I will never forget my first dinner visit, sometime in the mid-1990s, to the Monte Vista home of Drs. Harriett and Ricardo Romo. A walk through the first floor of their historic home was like a visit to a small museum specializing in Latin American Art. The collection delighted at first, then astonished after passage through several rooms. Ultimately, it added up to a bit more than one could absorb in a single evening. These guys are art collectors, I thought to myself. Crazy, fulltime committed art collectors.
Later that evening, after dinner, we were invited to visit the second floor of the home for what I assumed was a quick walk-around of the upstairs rooms. No, the Romos knew they had someone in their clutches who shared their passion for color and weavings and masks and art that mocked death and celebrated life, and they were about to show us even more of their collection. Tall cabinets with broad drawers built to curate loose prints were opened, artist's proofs were brought out for inspection. Pretty soon, Latin American prints were spread across every available surface.
My affection for the Romos was sealed that evening, although my appreciation for this city's academic power couple has only grown over the years. People who rise above their surroundings have always drawn my special admiration. What propelled Romo, a young man raised in a West Side barrio, to become the first Latino athlete to run a sub-4 minute mile? How did he manage to keep such athletic accomplishment from getting in the way of his intellectual ambitions? Where did he acquire the skills to rise to his current position as president of one of the fastest growing public universities in the country, and endure in that job beyond all norms?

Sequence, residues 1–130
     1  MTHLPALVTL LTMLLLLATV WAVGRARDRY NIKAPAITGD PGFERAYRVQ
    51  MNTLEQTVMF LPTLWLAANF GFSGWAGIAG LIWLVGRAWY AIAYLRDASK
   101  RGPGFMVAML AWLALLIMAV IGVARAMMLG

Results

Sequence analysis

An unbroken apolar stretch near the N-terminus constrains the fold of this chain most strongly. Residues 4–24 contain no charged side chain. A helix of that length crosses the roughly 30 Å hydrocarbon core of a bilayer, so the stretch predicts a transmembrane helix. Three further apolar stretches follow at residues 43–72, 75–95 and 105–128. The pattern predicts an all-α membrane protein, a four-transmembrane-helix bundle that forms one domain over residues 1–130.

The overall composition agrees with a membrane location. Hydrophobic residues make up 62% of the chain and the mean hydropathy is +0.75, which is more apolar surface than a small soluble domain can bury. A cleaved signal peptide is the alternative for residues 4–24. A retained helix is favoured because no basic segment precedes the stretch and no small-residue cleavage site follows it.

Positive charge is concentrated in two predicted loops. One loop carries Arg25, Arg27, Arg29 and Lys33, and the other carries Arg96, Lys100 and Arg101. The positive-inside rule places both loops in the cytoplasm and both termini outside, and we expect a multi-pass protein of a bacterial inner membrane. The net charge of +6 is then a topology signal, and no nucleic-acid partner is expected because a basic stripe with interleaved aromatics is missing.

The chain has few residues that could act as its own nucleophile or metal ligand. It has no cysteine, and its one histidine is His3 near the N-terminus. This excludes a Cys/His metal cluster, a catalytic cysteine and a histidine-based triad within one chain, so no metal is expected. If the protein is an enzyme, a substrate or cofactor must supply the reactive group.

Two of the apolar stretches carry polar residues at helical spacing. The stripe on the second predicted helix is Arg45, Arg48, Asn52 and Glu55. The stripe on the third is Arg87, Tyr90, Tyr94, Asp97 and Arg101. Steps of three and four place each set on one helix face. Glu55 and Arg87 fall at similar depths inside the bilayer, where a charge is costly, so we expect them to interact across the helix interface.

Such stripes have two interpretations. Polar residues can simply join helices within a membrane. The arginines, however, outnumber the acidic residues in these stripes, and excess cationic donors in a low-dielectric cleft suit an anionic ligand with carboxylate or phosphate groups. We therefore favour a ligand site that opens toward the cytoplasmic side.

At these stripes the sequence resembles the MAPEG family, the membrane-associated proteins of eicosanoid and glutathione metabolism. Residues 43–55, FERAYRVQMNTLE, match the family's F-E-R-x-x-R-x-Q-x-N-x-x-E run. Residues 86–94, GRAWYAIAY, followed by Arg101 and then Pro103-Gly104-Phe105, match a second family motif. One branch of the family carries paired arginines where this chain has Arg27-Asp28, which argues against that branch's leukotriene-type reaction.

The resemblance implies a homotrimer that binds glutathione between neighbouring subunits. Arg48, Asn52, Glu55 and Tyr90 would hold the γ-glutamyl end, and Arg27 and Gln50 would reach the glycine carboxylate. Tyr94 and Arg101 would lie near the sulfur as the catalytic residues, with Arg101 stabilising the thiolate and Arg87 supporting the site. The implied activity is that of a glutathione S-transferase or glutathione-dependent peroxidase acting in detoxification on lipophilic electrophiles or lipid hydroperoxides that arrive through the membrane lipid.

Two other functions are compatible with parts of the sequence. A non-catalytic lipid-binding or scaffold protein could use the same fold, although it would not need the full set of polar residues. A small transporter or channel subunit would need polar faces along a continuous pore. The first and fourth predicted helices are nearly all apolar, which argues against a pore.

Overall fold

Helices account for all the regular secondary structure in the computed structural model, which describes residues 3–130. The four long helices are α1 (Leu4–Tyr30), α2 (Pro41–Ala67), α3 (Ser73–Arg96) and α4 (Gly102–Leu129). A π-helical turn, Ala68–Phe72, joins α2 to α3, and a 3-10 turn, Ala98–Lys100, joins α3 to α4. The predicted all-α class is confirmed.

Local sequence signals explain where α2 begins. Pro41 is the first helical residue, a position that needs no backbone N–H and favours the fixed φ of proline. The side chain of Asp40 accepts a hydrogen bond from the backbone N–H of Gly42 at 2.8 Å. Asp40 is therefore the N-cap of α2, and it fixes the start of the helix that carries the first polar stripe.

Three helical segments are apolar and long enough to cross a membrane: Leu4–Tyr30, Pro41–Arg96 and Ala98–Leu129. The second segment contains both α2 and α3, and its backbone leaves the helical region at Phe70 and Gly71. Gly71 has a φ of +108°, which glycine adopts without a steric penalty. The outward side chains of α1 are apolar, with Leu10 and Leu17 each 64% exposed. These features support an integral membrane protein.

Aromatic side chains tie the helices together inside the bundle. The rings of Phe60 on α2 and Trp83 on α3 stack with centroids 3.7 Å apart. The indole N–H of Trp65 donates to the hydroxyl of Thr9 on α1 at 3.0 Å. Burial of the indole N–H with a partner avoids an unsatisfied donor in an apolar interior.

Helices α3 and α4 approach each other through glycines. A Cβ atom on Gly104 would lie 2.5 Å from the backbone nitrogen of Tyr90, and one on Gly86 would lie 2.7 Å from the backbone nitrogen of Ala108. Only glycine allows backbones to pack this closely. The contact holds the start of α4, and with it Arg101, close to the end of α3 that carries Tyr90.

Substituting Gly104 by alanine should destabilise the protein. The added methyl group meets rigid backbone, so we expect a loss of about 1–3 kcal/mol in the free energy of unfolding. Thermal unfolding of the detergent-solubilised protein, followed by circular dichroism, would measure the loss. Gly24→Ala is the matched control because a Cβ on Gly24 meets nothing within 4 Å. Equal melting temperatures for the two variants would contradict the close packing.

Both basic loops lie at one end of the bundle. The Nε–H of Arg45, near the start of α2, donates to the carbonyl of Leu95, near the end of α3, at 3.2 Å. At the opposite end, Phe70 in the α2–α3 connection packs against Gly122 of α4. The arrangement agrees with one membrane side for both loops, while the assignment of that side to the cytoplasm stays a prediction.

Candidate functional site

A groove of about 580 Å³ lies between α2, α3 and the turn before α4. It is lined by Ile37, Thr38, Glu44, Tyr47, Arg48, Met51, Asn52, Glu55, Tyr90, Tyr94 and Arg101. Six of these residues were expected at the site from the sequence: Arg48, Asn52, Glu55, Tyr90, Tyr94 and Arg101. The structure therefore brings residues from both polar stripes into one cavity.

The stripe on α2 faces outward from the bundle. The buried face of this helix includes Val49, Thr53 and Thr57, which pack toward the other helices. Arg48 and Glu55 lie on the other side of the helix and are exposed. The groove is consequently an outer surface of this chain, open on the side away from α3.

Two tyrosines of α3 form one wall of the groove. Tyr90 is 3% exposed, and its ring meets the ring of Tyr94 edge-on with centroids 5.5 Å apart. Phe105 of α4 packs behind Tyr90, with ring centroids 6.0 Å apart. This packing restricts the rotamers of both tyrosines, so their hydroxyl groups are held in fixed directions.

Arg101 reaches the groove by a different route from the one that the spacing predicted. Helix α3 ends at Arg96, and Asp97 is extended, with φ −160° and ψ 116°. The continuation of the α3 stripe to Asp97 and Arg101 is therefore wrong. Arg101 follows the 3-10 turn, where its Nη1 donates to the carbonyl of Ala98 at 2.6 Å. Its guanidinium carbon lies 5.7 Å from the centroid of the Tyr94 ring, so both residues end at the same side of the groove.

Romo's arrival and ascent in his hometown coincided with my own completed effort late in life to finally earn a college degree. Amid pomp and circumstance --or at least I thought so - I finally walked across a stage and became a proud UTSA alumnus just in time for the Romos' return to San Antonio. It was a different university then it is now. The job of president when Romo first arrived, frankly, was a bulging portfolio of challenges and seeming impossibilities. It took a lot of guts to last in that job and actually get things done, to build something. He's done it.
I remind myself each year, come February, of Harriett's role in helping build UTSA. The Mexican Center is one reflection of her own accomplishment as a scholar in the field of Mexican and Mexican-American studies. The reminder always comes, however, when I attend the "Great Conversations" dinner at the Institute of Texan Cultures. "Great Conversations" is casual, often unscripted, and overwhelmed after a while by table hopping. It mixes and introduces people who might otherwise spend a lifetime in San Antonio and never meet one another. It's the antithesis of a late night gala, one of the five best evenings on the city's annual public calendar. And it was Harriett who had the vision and who built it. And every year the honors college students I meet are smarter, more accomplished and even more ambitious than the previous year's class, if that is possible. Every year, alumni and others in this city pull together and up the ante in the fundraising drive to provide those honor students the scholarships they need to complete their studies and that San Antonio needs to keep them in a local university.